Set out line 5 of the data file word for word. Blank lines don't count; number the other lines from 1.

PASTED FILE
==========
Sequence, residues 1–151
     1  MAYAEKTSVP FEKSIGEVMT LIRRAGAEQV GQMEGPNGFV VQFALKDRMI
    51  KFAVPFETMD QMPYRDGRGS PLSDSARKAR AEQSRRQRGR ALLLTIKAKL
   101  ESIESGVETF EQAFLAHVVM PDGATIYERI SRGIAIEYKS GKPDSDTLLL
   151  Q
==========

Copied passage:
   151  Q